None of the idols were real.

None of the unreal gods created anything through the unreal lords.

Only the one God created all things through the one Lord.

The context of the text shows that the many gods and many lord (whether in heaven or on earth) are the idols in the world that are unreal.

Galatians 4:8 specifically stated the reason why these gods are unreal and that is because these gods are not gods by nature.

Galatians 4:8 (NASB) 8 However at that time, when you did not know God, you were slaves to those which by nature are no gods.

In first-century Judaism, the Septuagint is used by Jews.It is known by the Jews that only the God of Israel is the 'one Lord' ( Greek: EIS KURIOS) based on the Shema (Deuteronomy 6:4 LXX). In the New Testament church, Jesus is identified as the 'EIS KURIOS' (1 Corinthians 8:6).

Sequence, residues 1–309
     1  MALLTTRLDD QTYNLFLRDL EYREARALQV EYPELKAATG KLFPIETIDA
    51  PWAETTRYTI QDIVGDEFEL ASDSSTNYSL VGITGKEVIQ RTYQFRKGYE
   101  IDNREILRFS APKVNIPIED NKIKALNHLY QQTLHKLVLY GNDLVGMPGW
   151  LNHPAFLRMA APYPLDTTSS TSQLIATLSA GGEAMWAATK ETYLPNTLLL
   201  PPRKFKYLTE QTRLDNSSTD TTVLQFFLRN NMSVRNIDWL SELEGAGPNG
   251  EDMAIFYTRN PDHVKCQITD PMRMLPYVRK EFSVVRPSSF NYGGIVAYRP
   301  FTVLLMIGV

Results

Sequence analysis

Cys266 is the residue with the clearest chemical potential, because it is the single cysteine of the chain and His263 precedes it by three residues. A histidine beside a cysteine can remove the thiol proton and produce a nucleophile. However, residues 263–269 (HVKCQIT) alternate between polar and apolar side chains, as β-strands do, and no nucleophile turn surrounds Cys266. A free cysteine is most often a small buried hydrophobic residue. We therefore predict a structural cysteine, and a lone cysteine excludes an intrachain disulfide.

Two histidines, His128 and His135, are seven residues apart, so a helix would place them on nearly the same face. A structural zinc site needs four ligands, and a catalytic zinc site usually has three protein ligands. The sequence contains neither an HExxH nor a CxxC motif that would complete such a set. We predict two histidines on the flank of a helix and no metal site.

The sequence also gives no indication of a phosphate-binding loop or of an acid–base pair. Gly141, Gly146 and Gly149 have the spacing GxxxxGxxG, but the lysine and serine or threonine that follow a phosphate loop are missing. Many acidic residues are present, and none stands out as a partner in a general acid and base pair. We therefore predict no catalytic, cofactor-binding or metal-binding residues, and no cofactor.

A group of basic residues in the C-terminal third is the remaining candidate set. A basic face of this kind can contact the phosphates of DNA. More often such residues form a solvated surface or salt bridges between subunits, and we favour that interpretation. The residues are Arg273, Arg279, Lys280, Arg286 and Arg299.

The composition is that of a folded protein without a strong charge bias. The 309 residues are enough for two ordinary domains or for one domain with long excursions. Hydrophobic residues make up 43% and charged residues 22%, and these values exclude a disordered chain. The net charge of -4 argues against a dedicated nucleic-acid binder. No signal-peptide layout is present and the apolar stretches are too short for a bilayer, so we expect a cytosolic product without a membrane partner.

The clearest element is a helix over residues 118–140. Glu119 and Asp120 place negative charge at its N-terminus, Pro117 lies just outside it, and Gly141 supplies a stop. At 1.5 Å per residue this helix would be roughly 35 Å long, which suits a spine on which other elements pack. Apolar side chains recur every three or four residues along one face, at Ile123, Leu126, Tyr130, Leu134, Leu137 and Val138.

The core God of the Jews is the one Lord (Deuteronomy 6:4).

The core God of the Christians is the one Lord, Jesus Christ (1 Corinthians 8:6).

  • Matthew 26:39 (AMPC)" And going a little farther, He threw Himself upon the ground on His face and prayed saying, My Father, if it is possible, let this cup pass away from Me; nevertheless, not what I will [not what I desire], but as You will and desire." If the father and the son were not distinct individuals, such a prayer would have been meaningless. Jesus would have been praying to himself, and his will would no of necessity have been the father's will – Ozzie Nicolas Feb 22 at 11:48